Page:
WiMAX in smart meter sets the stage for "open standards" based smart grids

San Francisco start up software company Grid Net, is using WiMAX technology in its wireless smart meter instrument. The meter, being built by GE, uses Intel’s WiMAX chip and Grid Net software. It is said to be one of the first truly "open-standards" based approaches to building a meter.

Grid Net’s meter went on sale to select utility customers this March, and though Bell declined to state the current price, said that within a year and a half he expects the price to drop low enough to undercut any of the meters on the market that use proprietary technology. Bell says he has four major deals in the works and contends that his smart meter will eventually be cheaper than proprietary systems on the market (this is a key benefit of "open-standards").

Because WiMAX operates over licensed wireless spectrum, Grid Net founder Ray Bell claims it’s far more reliable and secure than unlicensed wireless networks (e.g. WiFi) — a particularly important feature for smart grid deployments. The meters could use national WiMAX networks (e.g. Clearwire or from regional carriers) or WiMAX networks that would be built and owned by a utility.


GigaOm states, "but if the smart grid really will follow the lessons of the Internet, open standards will be a key driver."


The use of WiMAX for grids is not a new concept.  In January 2005, we wrote that:



The basic premise was that fixed WiMAX could be effectively used to extend a carrier’s long haul network for access to a grid computer network.  We are now seeing WiMAX used in emerging smart power grid networks, but the concept is the same.  We think WiMAX has a lot of potential and promise for interconnecting PCs and meters, and other instruments over smart power grids.

0 thoughts on “WiMAX in smart meter sets the stage for "open standards" based smart grids

  1. 2 relevent articles on this topic:

    1. Smart Grid Debate: Licensed vs. Unlicensed Wireless Spectrum

    Increasingly, utilities and companies are deciding whether smart grid wireless networks need to run over licensed wireless spectrum, in which the airwaves are owned and regulated or unlicensed, which is shared spectrum and can be used by anyone as long as they abide by certain rules. With utilities spending billions on smart grid networks, the choice could determine which tech companies that plan to sell smart grid gear to the utilities are successful and which are not.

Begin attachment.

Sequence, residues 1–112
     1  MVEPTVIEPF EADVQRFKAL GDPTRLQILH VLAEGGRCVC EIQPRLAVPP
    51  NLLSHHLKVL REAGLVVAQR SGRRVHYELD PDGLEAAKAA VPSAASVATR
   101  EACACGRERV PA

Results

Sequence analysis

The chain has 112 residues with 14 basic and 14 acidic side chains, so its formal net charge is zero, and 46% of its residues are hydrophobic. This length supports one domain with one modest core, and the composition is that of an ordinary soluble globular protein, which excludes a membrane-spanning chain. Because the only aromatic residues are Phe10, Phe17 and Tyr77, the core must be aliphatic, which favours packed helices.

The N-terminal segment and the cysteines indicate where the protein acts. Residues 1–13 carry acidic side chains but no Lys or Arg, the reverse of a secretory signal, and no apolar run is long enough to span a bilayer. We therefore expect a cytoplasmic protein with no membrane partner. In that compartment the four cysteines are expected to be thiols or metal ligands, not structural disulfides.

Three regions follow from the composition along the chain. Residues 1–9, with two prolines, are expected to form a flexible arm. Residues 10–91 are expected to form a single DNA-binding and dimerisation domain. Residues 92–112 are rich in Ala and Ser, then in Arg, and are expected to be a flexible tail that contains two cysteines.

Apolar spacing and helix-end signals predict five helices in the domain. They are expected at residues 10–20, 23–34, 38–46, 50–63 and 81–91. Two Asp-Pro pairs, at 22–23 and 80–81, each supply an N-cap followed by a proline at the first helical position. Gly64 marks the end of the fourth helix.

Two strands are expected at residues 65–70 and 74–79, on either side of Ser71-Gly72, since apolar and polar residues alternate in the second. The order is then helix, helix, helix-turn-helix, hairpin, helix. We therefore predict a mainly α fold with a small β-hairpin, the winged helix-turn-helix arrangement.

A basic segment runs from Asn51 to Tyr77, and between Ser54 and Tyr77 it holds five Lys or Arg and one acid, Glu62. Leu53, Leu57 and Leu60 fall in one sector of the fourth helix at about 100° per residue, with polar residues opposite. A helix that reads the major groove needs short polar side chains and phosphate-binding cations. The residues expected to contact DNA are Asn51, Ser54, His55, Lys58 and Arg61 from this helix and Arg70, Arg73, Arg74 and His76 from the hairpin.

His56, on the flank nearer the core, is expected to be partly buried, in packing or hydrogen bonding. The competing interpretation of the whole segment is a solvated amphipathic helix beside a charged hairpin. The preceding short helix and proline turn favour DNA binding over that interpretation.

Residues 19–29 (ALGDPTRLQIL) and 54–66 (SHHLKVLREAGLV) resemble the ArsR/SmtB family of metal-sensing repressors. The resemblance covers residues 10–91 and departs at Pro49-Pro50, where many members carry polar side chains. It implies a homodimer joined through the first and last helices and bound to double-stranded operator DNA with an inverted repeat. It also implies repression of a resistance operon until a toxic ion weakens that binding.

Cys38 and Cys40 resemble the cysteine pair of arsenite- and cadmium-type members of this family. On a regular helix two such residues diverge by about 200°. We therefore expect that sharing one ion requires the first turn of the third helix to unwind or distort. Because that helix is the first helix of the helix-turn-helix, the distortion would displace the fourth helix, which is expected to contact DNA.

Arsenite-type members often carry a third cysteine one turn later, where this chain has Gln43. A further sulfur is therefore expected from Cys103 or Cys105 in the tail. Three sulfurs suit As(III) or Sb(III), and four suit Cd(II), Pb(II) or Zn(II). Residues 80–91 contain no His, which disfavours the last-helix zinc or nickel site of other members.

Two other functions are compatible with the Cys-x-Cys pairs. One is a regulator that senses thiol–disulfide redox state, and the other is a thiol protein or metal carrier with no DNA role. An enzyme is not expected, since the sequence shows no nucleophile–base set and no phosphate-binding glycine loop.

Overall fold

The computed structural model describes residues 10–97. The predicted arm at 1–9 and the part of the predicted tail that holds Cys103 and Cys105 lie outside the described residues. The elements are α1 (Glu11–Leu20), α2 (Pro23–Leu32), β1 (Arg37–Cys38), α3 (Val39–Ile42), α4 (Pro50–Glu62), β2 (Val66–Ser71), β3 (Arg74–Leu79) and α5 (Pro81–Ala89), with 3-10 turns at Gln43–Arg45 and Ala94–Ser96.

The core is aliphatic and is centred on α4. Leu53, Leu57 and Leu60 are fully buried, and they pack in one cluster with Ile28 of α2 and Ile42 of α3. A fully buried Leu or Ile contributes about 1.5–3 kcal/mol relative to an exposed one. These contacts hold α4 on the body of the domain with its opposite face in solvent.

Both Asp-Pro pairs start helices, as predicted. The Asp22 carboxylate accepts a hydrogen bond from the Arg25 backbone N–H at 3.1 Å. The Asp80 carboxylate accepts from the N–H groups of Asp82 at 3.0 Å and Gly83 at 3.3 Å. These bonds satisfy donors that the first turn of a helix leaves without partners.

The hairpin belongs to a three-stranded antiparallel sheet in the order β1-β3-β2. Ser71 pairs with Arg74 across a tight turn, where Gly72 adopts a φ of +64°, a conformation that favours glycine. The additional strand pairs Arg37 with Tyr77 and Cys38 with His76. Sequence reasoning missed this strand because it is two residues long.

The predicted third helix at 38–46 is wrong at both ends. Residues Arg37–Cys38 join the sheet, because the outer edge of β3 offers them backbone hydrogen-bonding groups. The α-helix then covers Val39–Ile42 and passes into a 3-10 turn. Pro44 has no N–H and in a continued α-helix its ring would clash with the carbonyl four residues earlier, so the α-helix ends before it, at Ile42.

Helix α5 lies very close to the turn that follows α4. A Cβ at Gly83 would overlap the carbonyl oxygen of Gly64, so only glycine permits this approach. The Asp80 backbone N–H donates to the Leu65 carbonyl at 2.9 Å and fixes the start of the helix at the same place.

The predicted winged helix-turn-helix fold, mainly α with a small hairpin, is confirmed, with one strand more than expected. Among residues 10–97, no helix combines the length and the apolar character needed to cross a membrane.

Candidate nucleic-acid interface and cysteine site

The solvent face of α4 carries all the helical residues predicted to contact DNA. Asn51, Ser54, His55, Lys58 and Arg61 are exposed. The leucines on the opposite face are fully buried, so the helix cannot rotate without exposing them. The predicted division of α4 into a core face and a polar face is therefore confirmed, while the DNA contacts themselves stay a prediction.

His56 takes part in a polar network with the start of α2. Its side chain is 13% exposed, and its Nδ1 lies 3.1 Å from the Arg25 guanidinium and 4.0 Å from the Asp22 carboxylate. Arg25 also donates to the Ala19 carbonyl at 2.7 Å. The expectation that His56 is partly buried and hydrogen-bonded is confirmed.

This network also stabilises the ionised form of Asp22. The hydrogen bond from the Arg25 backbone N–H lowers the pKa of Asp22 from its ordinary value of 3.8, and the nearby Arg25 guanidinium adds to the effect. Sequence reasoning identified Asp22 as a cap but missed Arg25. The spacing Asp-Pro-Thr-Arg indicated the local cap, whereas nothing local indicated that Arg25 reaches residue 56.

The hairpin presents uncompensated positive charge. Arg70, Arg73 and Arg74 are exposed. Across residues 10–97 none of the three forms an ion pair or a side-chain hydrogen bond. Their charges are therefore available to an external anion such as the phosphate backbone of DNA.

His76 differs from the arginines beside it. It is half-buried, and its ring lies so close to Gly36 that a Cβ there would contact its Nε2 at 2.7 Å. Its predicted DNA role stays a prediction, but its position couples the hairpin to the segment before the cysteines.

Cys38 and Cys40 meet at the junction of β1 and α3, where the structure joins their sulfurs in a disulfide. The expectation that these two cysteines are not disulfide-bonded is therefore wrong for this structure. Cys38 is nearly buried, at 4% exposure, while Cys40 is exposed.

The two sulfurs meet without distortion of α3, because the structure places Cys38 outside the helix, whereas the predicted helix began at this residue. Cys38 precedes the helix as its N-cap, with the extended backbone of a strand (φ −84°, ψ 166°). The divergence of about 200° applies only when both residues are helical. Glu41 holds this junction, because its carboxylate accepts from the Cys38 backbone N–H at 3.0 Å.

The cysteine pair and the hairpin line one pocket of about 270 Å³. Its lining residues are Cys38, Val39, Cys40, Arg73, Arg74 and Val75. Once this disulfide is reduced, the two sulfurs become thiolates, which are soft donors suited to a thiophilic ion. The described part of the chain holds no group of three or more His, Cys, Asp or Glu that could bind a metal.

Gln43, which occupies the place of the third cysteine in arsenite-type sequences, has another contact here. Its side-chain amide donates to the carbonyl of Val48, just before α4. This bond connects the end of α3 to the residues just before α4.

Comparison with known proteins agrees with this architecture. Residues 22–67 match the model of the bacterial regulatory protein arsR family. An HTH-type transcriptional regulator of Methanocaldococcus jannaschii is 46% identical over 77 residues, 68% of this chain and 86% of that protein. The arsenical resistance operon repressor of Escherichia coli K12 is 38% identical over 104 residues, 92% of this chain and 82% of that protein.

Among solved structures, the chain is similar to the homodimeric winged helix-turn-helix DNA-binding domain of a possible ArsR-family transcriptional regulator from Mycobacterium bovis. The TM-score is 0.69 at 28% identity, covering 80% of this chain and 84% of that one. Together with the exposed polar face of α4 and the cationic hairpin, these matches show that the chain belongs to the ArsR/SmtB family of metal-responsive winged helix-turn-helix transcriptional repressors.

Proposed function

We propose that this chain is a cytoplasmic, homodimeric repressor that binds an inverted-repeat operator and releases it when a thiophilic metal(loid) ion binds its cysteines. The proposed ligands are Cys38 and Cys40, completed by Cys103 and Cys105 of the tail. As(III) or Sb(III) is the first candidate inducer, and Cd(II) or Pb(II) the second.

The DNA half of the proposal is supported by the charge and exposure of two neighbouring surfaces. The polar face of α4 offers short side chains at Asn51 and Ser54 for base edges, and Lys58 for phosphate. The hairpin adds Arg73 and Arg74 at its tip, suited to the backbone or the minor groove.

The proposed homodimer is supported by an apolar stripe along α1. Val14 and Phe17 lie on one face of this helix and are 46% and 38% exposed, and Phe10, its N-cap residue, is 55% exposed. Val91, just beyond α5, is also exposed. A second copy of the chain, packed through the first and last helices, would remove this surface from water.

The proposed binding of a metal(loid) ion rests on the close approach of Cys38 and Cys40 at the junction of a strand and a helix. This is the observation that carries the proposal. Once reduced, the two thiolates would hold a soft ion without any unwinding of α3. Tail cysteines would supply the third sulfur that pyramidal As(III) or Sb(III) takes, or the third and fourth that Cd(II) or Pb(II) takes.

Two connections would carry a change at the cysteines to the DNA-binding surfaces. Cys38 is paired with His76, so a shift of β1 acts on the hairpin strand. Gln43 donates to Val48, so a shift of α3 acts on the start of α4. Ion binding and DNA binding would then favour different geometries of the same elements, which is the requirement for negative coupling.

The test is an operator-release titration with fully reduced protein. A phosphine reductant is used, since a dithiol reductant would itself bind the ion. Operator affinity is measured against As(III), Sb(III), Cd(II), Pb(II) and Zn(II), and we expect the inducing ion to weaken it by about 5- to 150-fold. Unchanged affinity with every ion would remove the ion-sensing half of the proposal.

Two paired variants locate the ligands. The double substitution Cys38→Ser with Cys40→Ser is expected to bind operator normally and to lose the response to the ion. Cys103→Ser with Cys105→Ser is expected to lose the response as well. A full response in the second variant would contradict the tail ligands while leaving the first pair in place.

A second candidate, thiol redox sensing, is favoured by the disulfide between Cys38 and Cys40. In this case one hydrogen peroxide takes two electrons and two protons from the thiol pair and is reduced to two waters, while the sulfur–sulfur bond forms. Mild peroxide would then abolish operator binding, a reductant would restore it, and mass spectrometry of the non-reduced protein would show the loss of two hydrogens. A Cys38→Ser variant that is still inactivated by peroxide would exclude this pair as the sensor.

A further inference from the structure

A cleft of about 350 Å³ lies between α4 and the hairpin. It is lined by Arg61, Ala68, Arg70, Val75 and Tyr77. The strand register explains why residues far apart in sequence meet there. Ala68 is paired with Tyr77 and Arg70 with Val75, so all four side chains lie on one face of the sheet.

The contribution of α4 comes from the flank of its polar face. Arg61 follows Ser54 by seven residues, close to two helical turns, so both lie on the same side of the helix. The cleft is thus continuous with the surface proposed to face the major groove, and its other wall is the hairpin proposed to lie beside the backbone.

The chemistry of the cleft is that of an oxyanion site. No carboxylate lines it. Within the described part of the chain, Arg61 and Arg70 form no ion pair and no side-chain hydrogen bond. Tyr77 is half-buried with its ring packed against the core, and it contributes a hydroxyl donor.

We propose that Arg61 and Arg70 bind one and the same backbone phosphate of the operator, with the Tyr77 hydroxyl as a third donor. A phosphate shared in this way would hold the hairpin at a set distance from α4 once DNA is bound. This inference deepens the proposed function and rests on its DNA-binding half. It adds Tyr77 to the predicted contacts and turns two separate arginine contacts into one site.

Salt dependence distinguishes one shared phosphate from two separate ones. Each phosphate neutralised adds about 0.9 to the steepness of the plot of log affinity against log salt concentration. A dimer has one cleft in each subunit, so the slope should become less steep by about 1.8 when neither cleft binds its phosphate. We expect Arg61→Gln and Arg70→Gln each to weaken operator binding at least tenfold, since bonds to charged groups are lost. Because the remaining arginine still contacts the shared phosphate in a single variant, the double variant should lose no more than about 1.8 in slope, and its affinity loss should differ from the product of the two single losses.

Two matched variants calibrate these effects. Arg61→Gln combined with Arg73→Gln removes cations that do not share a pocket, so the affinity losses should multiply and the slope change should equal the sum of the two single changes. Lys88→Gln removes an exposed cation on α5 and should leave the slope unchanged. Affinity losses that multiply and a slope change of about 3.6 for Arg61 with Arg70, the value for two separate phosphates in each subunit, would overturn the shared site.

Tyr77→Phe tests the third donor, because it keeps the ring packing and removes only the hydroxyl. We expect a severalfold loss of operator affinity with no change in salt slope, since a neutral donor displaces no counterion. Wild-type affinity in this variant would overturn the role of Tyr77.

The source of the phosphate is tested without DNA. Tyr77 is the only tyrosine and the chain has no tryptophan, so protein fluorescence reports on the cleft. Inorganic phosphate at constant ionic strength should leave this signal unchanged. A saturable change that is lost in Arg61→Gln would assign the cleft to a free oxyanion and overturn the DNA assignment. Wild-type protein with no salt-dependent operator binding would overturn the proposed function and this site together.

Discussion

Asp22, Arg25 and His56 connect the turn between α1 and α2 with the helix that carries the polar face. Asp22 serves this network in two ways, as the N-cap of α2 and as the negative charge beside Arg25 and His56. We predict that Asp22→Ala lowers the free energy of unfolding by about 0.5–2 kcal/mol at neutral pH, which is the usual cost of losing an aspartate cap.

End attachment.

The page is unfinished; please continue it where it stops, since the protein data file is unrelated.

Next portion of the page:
The degree of reliability and security that a smart grid demands can only be achieved with licensed spectrum, its backers argue. The idea is that because licensed spectrum is owned by one entity and can be used for a single purpose its users won’t face interference. But the problem is that licenses to buy spectrum cost money adding substantial fees to smart grid rollouts. On the other hand because unlicensed spectrum is shared and doesn’t require an expensive license to access it, its backers believe it’s the only option cheap enough to offer utilities a cost-effective method to roll out meter projects. But critics say that because unlicensed spectrum is shared by many users, services deployed on those networks can face interference.

    We recently learned of the debate from Stewart Kantor, the CEO and founder of Full Spectrum, a two-year-old startup that builds WiMAX-based wireless networking gear that runs over licensed spectrum. His company sells WiMAX-based radios (which add intelligence to the power grid where power is distributed from generation to substation) that run over licensed, ultra-high frequency and very high frequency spectrum. He told us unlicensed wireless services are “problematic” for mission-critical services, which need to be secure, reliable and robust.

    2. WiMAX and the grid

    Smart grid technology is a business play, not a consumer play. The ability of spies to get into the existing grid is due to the fact current “smart grid” plans maintain a connection to the current Internet. This is a critical weakness that policymakers can fix.

    The solution is very simple. Designate a narrow band of frequency to wireless electrical infrastructure. Close that network off from the Internet. Require radios using that frequency to be certified, and limit their functions. Have control functions centrally licensed.

    Taking WiMAX, as it is, into the smart grid business is overkill. The data load on a smart grid network should not be enormous. A sectorized, cellular-like solution should not require wide bandwidth to work. All you’re delivering is simple data on loads and availability of power.

    A small slice of existing ISM bands should be sufficient to do the job, regardless of the underlying technology. Regardless of how smart grid data is encoded, it’s more important that the technology it uses be ubiquitous and isolated than wideband.


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